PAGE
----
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UNIVERSITY OF CALIFORNIA, DAVIS (2013)

Sustainable Biomass Production from Perennial C4 and C3 Dedicated Energy Crops

Pedroso, Gabriel Munhoz

Titre : Sustainable Biomass Production from Perennial C4 and C3 Dedicated Energy Crops

Auteur : Pedroso, Gabriel Munhoz

Université de soutenance : UNIVERSITY OF CALIFORNIA, DAVIS

Grade : Doctor of Philosophy (PhD) 2013

Résumé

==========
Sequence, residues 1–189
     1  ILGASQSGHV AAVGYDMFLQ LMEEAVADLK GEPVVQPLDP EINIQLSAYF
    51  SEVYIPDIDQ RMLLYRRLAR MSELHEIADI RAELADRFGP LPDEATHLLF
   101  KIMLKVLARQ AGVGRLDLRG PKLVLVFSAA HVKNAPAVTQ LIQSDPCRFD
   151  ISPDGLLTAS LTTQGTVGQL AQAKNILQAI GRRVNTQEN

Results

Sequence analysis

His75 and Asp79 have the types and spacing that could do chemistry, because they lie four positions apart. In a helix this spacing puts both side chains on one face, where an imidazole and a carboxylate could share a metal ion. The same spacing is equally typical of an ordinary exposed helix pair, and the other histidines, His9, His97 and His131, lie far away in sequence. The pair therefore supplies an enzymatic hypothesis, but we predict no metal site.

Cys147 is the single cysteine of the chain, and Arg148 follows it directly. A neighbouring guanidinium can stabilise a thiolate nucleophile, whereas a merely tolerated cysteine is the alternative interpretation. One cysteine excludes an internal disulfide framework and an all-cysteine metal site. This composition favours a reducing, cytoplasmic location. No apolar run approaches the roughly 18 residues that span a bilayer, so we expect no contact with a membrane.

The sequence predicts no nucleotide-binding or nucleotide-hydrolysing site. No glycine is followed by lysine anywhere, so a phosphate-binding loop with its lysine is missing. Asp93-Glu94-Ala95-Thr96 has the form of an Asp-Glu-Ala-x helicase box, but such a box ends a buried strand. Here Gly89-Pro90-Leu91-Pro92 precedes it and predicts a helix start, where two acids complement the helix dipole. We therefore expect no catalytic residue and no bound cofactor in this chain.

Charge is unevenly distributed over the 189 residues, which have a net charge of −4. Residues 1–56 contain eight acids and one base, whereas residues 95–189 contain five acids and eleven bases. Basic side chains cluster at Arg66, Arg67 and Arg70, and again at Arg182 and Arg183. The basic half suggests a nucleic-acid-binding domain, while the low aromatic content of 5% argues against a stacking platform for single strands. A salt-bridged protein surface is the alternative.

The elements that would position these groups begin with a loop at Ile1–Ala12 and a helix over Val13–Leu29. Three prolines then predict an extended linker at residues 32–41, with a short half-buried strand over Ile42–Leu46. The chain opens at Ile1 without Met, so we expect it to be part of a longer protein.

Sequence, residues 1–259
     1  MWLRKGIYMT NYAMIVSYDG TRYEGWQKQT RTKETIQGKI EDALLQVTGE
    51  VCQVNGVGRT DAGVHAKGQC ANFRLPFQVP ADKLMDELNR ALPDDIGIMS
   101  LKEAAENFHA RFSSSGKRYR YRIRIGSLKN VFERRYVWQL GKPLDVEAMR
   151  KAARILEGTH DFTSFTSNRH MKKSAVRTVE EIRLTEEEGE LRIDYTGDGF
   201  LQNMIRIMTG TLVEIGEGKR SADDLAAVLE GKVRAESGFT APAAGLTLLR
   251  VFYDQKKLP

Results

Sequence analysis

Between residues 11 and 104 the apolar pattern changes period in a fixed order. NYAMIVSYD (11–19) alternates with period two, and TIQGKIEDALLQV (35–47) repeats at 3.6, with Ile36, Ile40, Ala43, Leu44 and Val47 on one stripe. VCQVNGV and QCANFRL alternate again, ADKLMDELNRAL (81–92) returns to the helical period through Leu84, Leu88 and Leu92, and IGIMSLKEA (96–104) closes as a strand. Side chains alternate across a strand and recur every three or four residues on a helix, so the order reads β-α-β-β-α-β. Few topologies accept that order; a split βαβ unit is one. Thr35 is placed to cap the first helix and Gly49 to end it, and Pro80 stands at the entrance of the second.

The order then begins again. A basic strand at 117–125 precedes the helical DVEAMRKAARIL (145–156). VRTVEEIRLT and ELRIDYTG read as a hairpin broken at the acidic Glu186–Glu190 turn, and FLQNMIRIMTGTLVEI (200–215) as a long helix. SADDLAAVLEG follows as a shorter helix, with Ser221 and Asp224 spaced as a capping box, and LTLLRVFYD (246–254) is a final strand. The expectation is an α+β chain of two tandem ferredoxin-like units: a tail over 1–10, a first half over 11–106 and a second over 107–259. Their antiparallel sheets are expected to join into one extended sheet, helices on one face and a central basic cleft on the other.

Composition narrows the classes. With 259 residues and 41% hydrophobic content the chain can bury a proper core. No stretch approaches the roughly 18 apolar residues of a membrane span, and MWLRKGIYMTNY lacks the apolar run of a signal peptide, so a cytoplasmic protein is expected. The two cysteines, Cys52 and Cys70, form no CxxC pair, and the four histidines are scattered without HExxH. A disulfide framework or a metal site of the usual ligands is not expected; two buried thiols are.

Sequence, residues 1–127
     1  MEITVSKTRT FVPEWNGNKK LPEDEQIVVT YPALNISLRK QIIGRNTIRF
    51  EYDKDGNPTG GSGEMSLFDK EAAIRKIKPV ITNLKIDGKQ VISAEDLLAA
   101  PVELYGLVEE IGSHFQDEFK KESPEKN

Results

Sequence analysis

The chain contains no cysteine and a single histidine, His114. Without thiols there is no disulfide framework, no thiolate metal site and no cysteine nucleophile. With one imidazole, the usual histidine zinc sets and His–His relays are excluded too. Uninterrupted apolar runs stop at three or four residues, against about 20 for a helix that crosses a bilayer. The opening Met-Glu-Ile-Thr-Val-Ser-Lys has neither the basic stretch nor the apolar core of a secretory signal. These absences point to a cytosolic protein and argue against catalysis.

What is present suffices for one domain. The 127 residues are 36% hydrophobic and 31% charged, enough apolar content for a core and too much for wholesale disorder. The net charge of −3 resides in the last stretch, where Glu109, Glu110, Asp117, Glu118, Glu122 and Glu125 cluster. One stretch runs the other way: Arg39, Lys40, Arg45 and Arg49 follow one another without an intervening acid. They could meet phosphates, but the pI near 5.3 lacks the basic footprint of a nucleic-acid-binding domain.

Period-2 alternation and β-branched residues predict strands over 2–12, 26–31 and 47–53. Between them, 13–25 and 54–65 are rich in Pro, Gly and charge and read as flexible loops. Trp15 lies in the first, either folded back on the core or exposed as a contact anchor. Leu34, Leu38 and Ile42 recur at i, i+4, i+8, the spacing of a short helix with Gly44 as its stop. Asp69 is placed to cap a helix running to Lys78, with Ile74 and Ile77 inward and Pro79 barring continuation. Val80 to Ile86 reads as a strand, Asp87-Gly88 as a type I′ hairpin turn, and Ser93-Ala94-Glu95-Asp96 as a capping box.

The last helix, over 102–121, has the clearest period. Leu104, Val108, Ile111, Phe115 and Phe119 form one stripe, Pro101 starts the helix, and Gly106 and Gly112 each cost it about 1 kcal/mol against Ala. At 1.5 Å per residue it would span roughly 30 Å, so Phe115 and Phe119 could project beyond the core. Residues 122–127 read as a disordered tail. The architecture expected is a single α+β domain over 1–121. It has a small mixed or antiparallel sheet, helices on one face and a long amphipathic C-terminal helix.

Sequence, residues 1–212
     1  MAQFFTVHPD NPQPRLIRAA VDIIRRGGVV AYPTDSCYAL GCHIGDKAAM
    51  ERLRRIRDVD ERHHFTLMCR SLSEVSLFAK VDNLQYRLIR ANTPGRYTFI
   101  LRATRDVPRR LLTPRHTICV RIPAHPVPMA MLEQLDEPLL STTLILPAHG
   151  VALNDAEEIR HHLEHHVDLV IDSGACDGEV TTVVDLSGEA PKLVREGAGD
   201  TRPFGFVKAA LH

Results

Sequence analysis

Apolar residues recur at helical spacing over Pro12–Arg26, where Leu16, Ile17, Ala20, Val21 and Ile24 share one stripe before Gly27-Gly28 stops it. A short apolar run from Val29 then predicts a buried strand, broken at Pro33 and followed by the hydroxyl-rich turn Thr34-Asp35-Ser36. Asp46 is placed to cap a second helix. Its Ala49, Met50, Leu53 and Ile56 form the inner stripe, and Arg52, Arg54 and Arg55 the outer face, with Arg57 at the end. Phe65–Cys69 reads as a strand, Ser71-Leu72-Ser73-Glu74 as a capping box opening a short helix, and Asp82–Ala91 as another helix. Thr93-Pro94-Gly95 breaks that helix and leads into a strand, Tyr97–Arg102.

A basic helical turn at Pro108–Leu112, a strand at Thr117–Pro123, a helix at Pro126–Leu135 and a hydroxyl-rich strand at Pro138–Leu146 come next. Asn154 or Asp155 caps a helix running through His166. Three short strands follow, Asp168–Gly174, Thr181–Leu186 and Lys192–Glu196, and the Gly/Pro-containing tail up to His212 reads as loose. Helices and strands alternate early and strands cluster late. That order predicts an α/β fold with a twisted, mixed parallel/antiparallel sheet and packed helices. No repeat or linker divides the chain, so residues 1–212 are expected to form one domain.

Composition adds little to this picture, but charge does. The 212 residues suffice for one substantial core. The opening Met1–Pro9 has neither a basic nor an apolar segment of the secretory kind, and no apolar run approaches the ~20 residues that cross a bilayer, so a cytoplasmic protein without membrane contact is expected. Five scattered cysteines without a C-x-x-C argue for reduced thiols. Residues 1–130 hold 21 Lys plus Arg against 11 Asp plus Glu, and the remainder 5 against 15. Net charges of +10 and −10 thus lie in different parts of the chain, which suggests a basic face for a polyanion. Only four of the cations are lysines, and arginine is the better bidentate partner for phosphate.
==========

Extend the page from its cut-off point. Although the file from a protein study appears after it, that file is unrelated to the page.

The first chapter focused on the adaptability, yield potential, and response to N fertilization of switchgrass (Panicum virgatum) under five N fertilization rates (0 to 300 kg N ha-1 yr-1) in four distinct ecoregions of California from 2008-2010. Switchgrass was not suitable in the temperate climate due to winter mortality. Yields ranged from 13 to 27.1 Mg ha-1 yr-1 across locations and years, with greatest yields in the Mediterranean, semi-arid, and Desert climates. Yields increased linearly in three of four locations, increasing by 9.7 and 13 Mg ha -1 and N use efficiency of 30 and 44 kg biomass kg-1 N applied in 2009 and 2010, respectively. The second chapter evaluated the yield potential and response to N fertilization of five perennial C4 [switchgrass, miscanthus (Miscanthus giganteus ), elephantgrass (Pennisetum purpureum), bermudagrass (Cynodon dactylon), and big bluestem (Andropogon gerardii)] and two C3 [tall fescue (Festuca arundinacea) and tall wheatgrass (Agropyron elongatum)] species as bioenergy crops in California’s Central Valley from 2009-2011. Elephantgrass was excluded from the trial due to winter mortality. Highest yields were 33.9, 22.9, 17.2, 16.2, 15.6, and 12.0 Mg ha-1 yr-1 for miscanthus, switchgrass, tall wheatgrass, big bluestem, tall fescue, and bermudagrass, respectively. Significant responses to N were observed for all crops in all years. Switchgrass and miscanthus have greatest potential as bioenergy crops due to high yields, greatest response to N, and lowest biomass N concentration. The final chapter determined the sustainability of low-input (single-harvest irrigated until flowering) and high-input (two-harvest irrigated throughout the growing season) switchgrass systems as a function of yield, irrigation requirement, crop N removal, N translocation during senescence, and fertilizer 15N recovery in the crop and soil. The low-input was more sustainable than the high-input system. Average yields were 17.4 (low-input) and 21.2 Mg ha-1 (high-input). The low-input system required 47% less irrigation and had 49% of N translocation from AG to BG biomass during senescence, resulting in 46% lower crop N removal, 53% higher N stored in BG biomass, positive N balance, lower response to N fertilization, and 50% higher fertilizer N remaining in the plant-soil system at the end of 3 years.

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